This Guy Didn't Need An Accommodation To Perform His Job. He Wanted One To Avoid Discipline

Today, I will tell you about an employee caught sleeping on the job.
United States Employment and HR
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Today, I will tell you about an employee caught sleeping on the job.

Several times.

The first was when three coworkers observed him sleeping at his desk while not on a break, which violated the company's conduct policy. So, with HR's approval, the employee's manager decided to issue him a "Last Chance Agreement." Under the terms of the Agreement, the employee's continued employment with the company was contingent upon following the company's policies for two years.

However, the employee refused to sign the Agreement.

You see, the employee had some medical conditions, including major depression, PTSD, and a diagnosed sleep disorder. To treat his symptoms, the employee took over-the-counter medications that also made him drowsy.

So, the employee asked his manager to "grant [him] an interactive process"—sounds like someone's been to the Law Offices of Google and Bing—before taking disciplinary action that included advanced notice in the form of a full written complaint, a "full evidentiary hearing," a written decision, and an opportunity to appeal.

The employee also sought an opportunity to respond to the Agreement, and his manager agreed.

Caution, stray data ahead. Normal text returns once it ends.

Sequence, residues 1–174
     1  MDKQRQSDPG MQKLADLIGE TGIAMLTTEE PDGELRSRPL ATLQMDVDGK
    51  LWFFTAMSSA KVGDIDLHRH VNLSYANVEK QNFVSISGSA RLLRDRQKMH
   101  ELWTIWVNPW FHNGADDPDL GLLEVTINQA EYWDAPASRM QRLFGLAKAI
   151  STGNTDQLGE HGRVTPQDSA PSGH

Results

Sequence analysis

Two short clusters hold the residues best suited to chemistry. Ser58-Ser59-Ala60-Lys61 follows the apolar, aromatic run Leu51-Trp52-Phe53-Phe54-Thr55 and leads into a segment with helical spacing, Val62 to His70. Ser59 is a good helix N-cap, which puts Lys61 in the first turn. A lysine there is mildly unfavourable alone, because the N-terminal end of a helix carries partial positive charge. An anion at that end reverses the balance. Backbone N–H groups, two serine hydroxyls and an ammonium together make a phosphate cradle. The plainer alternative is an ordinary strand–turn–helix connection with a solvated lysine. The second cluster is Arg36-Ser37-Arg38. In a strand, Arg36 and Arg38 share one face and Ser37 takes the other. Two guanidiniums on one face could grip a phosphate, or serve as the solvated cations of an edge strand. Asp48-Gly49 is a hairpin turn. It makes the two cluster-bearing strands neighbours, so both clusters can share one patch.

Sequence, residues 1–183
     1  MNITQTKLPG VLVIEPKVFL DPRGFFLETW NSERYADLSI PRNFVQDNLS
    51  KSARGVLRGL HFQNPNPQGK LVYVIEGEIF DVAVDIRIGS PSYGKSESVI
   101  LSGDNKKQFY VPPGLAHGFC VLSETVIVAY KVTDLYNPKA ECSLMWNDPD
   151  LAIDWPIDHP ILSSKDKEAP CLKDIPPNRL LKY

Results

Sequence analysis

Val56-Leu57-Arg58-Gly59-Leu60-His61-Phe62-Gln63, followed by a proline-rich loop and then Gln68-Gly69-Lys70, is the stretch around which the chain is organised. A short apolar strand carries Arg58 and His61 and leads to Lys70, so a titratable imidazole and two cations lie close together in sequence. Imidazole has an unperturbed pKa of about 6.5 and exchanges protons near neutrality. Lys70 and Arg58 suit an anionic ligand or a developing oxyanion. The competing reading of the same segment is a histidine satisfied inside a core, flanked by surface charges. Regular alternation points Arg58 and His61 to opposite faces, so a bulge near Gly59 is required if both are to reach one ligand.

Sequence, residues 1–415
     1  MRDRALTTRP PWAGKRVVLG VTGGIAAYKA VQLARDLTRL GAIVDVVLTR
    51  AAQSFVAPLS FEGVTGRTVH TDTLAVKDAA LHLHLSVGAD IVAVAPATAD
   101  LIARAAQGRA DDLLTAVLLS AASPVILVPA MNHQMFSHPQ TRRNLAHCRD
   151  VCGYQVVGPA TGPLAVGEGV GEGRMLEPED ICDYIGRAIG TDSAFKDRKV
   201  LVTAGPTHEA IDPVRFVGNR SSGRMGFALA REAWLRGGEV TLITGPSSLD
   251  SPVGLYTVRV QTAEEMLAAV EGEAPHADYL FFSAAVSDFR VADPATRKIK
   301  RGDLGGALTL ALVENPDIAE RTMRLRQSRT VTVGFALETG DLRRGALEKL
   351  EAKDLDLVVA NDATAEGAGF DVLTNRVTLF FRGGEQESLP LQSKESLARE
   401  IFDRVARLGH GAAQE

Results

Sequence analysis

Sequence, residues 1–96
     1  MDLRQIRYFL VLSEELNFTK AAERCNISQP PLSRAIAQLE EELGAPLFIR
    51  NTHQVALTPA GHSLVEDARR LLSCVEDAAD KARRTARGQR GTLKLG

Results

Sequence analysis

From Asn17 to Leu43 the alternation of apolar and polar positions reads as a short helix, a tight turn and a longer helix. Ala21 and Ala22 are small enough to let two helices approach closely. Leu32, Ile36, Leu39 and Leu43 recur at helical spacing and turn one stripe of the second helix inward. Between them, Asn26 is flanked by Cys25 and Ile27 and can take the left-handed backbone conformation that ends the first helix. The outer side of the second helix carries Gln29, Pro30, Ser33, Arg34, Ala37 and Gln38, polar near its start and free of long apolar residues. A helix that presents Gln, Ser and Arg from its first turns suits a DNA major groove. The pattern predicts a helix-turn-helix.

A week later, the employee sent a written statement to his manager in which he lamented a lack of due process and a violation of the company's ADA policy. He further explained that the medication he took for a bout of food poisoning caused the drowsiness. However, neither the manager nor HR thought the ADA policy applied here.

A few months later, yes, you guessed it, the employee was caught sleeping on the job again. This time, the company fired him. So, the employee brought a claim under the Americans with Disabilities Act for a failure to accommodate him.

An employer unlawfully discriminates against a disabled employee when it fails to provide reasonable accommodations for known physical or mental limitations unless the accommodation would impose an undue hardship on the employer's business. However, the employee has the burden of identifying an accommodation and demonstrating that it is reasonable.

Here, the District Court and the 11th Circuit concluded that the plaintiff never specifically demanded a reasonable accommodation, let alone demonstrate a reasonable one. Critically, the plaintiff denied sleeping on the job and explained that he managed his medical conditions by lying on his back during his breaks. He never asked the defendant to modify any policies or schedules and maintained that he did not need an accommodation. Instead, he thought the Agreement was unfair and wanted the defendant to modify its disciplinary procedures to give him due-process-type protections, which is not a request for reasonable accommodation under the ADA because it does not enable him to perform the essential functions of the job, which he claimed he could already do.

But he couldn't. He slept on the job twice. He got fired. Case dismissed.

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